Unfortunately for this poor chap, it appeared that he was the victim of a more dominate male, who apparently castrated him. I am assuming this, of course. But to me, it looks as though he had his testicles bitten clean off. He does look rather sad too. Of course, who wouldn't look sad in that situation!?

Video of Howler Monkeys calling on my first morning. Best alarm clock EVER!

One of the more interesting aspects of our housing, was the fact that the bottom of the door had a large two inch gap. This allowed interesting creatures to enter our room, which really didn't bother me much. Spiders, (BIG ones), insects of all kinds, lizards (mainly Geckos) and other cool critters were daily and nightly visitors. I loved it...not so sure the brother's Pavlik were as enthralled as I.

One of the most interesting was a rather large and scary looking scorpion, that was sitting on our bedroom floor. Tom almost stepped on it barefooted. Thus, is why you need to watch where you step and place your hands in places.

This critter and some nasty spiders and even snakes, is why you must ALWAYS keep your clothes and shoes off the floor. I keep mine off the floor and in large ziplock bags. If you do happen to keep your clothes and shoes on the floor, at least shake them out well before putting them back on. Also, check your bed before crawling it for the night.

This beautiful scorpion was about  5 inches or so long and had a nasty temper.  After some wrangling, I managed to catch her and escort her outside, deep off the trail. After putting her back into the wild, we scoped out the rest of the room, looking for others. we found a much smaller version of this one, about the size of a postage stamp. I took that one outside too. For the rest of our stay, we blocked the gap with towels.


Snail Eater Snake. This non-venomous snake was along one of the trails. He was rather tiny, roughly 6" long. A very, very beautiful snake. He has cloudy eyes, which probably means he is close to shedding his skin.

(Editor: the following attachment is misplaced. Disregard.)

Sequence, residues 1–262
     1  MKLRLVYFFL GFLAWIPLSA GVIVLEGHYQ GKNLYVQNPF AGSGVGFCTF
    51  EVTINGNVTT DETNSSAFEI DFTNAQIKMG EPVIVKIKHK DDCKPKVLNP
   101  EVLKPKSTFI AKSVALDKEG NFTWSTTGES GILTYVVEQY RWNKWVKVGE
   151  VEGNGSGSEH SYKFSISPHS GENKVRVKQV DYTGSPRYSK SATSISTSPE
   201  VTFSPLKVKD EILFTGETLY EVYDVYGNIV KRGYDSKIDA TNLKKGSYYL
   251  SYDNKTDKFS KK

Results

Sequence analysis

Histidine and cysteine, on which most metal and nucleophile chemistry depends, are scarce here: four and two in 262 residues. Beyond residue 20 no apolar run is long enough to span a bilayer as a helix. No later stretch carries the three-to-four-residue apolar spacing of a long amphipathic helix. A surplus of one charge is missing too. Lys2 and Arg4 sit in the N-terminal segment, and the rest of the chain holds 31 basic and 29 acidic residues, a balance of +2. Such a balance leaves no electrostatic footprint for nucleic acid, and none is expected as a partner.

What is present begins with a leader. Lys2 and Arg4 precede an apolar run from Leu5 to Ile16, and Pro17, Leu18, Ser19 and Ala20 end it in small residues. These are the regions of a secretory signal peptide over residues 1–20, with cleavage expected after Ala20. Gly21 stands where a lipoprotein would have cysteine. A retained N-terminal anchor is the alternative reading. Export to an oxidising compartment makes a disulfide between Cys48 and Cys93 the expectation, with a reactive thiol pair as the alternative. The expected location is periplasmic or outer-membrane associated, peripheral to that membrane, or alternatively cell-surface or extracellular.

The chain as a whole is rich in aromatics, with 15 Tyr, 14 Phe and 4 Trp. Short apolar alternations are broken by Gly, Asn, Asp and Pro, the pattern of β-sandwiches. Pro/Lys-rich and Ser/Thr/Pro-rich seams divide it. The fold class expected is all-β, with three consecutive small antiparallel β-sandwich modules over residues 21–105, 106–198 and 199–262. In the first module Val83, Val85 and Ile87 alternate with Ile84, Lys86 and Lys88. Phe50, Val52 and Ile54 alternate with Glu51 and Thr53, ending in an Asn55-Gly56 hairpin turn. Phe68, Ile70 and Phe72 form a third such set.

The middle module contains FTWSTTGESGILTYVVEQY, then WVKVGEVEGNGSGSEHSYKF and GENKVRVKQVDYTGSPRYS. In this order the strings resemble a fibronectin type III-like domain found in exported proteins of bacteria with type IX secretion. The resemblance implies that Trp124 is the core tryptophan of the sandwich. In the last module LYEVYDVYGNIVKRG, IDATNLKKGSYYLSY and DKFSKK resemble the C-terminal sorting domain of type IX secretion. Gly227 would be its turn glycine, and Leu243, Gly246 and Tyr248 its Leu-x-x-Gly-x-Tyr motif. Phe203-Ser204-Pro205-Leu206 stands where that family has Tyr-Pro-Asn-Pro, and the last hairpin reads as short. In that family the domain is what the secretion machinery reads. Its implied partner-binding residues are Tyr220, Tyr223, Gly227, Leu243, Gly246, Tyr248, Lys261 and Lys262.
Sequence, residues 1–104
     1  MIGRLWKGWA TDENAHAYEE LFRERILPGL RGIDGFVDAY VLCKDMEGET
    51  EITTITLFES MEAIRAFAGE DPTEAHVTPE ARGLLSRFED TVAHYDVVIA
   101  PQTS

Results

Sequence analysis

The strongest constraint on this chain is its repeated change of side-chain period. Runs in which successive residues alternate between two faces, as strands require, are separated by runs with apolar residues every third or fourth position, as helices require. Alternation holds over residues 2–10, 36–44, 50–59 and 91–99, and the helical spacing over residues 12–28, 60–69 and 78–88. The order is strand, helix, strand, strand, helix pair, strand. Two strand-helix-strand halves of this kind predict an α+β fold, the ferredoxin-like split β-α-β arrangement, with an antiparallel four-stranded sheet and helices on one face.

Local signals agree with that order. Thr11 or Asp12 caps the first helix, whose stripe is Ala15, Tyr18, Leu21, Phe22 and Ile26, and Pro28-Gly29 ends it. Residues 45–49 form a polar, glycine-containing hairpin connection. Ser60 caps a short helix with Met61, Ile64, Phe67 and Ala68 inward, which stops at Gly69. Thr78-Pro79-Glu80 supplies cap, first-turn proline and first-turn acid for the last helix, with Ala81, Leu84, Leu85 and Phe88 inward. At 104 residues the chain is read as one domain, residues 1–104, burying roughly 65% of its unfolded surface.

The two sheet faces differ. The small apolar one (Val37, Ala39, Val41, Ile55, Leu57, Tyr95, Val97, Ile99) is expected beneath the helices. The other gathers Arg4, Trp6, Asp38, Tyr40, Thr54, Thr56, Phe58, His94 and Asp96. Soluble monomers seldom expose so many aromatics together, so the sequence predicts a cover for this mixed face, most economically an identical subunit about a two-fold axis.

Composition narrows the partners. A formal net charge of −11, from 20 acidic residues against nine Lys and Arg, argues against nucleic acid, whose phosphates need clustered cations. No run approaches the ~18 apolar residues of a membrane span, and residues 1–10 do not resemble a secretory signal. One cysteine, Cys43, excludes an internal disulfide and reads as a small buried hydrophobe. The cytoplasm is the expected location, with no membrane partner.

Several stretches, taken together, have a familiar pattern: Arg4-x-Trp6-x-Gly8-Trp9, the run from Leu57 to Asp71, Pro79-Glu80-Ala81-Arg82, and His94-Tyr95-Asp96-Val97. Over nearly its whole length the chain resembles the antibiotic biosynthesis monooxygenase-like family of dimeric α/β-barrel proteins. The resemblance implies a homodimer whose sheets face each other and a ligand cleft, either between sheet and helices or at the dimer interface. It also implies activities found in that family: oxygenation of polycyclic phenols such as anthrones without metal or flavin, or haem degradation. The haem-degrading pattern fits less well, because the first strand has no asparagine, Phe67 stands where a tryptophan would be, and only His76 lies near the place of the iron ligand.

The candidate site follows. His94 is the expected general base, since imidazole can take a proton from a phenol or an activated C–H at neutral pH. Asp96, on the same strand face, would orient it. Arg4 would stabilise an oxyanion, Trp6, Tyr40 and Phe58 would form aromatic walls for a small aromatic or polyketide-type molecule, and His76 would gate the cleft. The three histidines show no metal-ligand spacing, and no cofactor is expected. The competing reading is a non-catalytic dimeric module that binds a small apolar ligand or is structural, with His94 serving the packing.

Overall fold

Female Violet Saberwing. This lovely hummingbird, unfortunately, found her way inside the dining room, where she did a face plant into one of the windows. we were eating breakfast at the time. I ran to her rescue, hoping she wasn't dead. Thankfully, she was just stunned. I took her outside, where she sat on my hand for over five minutes. She slowly recovered, looked at me, chirped three times and flew off strongly. An amazing experience holding such a neat bird.

This large katydid was on the trail going up to the lodge. many neat insects were on the trail. The butterflies themselves were astounding. I still haven't identified this guy...probably never will.

Not far from the katydid, was this awesome millipede. he was roughly 4" long and a very bright red. I wanted to touch it...couldn't help myself. My guide suggestion I shouldn't. As with most things in nature, bright red colors usually mean "don't touch."
Spotted Sandpiper that was seen on a shrimp farm we visited

My lifer, Bare-throated Tiger-Heron

Another critter that screams, "DON"T TOUCH!" is this Blue-jeans Poison Dart Frog. These beautiful amphibians were every where along most trails. They are very tiny. they could sit comfortably on a nickel.

Our rental car and what the cabins looked liked. we are loading up to had to our second lodge.

A large beetle that was outside the door of our cabana.

Tom on one of the sky bridges on the trails of the lodge

A large Hooded Mantis, one of many, that would be hunting under the small lights, that lined the walk ways to the cabins

A very, very tiny snake that was on the walk way to our cabana. I have no idea what this guy is. He looked like a small human hair, he was so tiny

More Photos coming soon!

SECOND LODGE. http://www.lagarto-lodge-costa-rica.com/       COMING SOON